The picture of “the immigrant” in Swedish political discourse is racialized and forms the fundament of the racist discourse on gang-related violence. He (the immigrant is also gendered) is imagined as the Other of a Swedish national self-image which centers around whiteness. Following the pattern of color ignorance, this is almost never mentioned directly, but shows for example in the stark contrast with which refugees from Ukraine, who were perceived as white and Christian, have been welcomed in Sweden, under the premise that “they are like us [Swedes]” in comparison to racialized refugees. I say “perceived” here, because whiteness has previously been withdrawn from people from Eastern Europe (anti-slavic racism), and since only mentioning Christianity homogenizes a religiously diverse group and silences the existence of the large Jewish community in Ukraine. The religious component of the Swedish national self-imagination as Christian is of importance for the construction of the Other as Muslim. This results in a binary of white Swedishness as opposed to a non-white Other, who is imagined as racialized and Muslim. To describe the Other a range of terms of ethnicities and nationalities is falsely used synonymously. This means that all racialized people in Sweden are not perceived as Swedish, no matter if they have Swedish passports or not.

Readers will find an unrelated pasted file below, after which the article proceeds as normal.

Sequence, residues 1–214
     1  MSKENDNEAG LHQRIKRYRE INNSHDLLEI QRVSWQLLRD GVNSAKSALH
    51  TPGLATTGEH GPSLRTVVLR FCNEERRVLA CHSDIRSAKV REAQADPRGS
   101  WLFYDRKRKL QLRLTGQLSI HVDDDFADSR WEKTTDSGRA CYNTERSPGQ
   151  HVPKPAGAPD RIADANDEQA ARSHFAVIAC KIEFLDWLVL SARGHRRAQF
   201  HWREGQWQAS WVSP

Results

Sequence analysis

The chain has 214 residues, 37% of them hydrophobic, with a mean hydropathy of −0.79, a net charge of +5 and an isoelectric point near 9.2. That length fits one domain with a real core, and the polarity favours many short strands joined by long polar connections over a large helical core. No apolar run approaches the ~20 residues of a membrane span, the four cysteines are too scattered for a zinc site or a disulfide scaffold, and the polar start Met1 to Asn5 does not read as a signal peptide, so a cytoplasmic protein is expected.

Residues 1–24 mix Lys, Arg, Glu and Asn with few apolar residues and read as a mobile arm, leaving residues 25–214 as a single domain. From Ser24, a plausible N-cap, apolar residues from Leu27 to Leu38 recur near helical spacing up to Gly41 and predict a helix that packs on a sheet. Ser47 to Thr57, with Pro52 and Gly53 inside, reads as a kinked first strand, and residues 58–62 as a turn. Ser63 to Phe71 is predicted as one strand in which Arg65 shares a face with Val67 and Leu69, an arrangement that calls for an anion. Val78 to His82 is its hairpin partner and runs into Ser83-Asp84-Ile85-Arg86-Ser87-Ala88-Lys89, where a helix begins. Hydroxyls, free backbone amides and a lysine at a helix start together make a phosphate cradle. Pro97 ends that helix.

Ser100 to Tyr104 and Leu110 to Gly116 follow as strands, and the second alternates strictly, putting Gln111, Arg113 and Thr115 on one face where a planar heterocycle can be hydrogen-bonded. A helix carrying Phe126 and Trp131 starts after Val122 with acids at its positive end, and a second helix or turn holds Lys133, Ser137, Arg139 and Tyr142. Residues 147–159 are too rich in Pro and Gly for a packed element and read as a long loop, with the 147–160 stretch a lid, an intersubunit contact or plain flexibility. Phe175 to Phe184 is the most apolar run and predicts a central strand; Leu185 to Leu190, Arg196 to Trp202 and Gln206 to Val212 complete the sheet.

The Moderates, as well as the majority of voices in the Swedish political discourse, do not include structural and institutional racism as factors into their analysis of segregation, poverty, and gang-related violence. Instead, their policy programs indirectly blame racialized people for all of these issues. The Moderates suggest that gang-related violence will be reduced by letting fewer racialized people come to Sweden, increasing punishments for gang-related violence, increasing opportunities for the police to survey people who are suspected to be part of gangs (i.e., racialized people) “as a preventive measure”, and giving the police the task to frequently conduct racial profiling in Sweden. Racial profiling means that the police targets racialized people in supposedly random controls. The Moderates write in their policy program on migration that “the police will be instructed to conduct more ‘utlänningskontroller’ (= controls of foreigners) within the country to find more persons who do not have the right to be in Sweden”. As Swedes imagine themselves as white, foreigners are imaged as non-white, which will mean that all racialized people in Sweden, no matter if they are foreign or not, will be targeted under this policy.